Seizure in the days following subarachnoid haemorrhage occurs in 6–18% of patients with a ruptured intracranial aneurysm. Not only may seizure confound the neurologic exam, but it may also place patients with an unsecured lesion at increased risk for re-rupture. Seizure prophylaxis in this patient population is controversial, and there remains no level I data regarding the effectiveness of seizure prophylaxis after subarachnoid haemorrhage.Methods
A brief 8-question survey was sent to 20 major US centres with cerebrovascular neurosurgical specialisation. Respondents were asked about institutional practices regarding seizure prophylaxis, including preferred medications and duration of therapy, as well as seizure surveillance with electroencephalography.Results
All 20 survey requests were completed and returned. 10 respondents (50%) reported routine use of anti-convulsant for seizure prophylaxis, while 10 (50%) did not. Among respondents using prophylaxis, levetiracetam was the drug of choice for most (80%), while phenytoin was used to a varying degree by two centres. The duration of levetiracetam prophylaxis ranged from 1–30 days following SAH. No centres employed EEG routinely, however most supported EEG use when the neurologic exam was unreliable or inexplicably declining. Nineteen (95%) respondents agreed that a trial randomising patients to levetiracetam or no anti-seizure medication is warranted at this time, and all 20 (100%) believed that such a trial would be ethical.Conclusions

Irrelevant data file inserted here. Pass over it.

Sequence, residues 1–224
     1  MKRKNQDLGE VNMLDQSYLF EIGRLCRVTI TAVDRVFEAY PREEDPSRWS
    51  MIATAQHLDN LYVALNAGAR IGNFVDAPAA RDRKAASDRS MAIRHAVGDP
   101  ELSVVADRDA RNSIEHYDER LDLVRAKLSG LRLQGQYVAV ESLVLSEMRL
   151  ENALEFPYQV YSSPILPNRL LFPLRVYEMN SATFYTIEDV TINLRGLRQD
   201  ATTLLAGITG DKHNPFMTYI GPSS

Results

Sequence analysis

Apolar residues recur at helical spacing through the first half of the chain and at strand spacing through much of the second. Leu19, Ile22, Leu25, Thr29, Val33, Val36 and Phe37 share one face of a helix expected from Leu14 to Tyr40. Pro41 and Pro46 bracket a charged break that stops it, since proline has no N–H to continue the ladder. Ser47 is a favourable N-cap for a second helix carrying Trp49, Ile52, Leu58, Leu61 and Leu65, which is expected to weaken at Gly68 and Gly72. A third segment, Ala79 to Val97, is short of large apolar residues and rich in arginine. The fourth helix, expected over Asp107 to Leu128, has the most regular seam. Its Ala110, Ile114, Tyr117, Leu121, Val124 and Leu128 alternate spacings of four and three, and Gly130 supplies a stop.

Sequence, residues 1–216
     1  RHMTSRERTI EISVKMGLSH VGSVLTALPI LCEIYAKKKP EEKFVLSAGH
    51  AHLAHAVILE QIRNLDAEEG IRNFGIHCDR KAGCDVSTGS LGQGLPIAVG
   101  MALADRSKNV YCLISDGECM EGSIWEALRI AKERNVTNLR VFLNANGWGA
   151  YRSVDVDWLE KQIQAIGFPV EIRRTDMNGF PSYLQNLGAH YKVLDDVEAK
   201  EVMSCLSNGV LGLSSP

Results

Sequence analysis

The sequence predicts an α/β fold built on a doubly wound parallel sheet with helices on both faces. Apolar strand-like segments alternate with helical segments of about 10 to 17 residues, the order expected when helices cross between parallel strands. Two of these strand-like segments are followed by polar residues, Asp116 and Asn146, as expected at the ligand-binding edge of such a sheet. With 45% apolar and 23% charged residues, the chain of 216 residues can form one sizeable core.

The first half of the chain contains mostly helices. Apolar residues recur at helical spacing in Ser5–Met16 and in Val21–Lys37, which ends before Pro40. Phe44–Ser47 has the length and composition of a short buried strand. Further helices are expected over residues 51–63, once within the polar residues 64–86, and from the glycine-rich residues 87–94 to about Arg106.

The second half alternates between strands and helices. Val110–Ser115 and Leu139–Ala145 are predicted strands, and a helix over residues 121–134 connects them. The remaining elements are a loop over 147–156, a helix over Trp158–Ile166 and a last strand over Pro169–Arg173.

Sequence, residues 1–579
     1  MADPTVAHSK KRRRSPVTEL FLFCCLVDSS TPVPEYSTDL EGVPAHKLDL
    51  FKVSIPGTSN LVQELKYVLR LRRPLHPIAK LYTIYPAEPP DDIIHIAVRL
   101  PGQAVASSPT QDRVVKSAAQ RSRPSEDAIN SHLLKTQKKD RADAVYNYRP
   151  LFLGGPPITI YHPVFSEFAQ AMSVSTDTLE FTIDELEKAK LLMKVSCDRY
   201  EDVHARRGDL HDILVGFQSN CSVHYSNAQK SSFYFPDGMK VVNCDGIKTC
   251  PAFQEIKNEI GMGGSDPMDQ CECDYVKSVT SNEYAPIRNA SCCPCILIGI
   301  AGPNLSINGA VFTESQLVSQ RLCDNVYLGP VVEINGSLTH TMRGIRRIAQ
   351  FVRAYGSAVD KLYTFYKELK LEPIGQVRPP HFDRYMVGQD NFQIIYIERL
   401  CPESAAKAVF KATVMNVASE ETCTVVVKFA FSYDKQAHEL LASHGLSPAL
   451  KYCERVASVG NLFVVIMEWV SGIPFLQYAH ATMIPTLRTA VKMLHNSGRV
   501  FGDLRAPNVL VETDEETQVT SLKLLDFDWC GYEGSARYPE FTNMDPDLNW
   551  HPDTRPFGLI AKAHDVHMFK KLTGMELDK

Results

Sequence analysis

The routine use of seizure prophylaxis following aneurysmal subarachnoid haemorrhage is controversial. Among a sampling of 20 major academic centres, one half administers seizure prophylaxis, while the other half does not. The majority believes a trial randomising patients to receive seizure prophylaxis is both timely and ethical.Disclosures
M. Dewan: None. J. Mocco: None.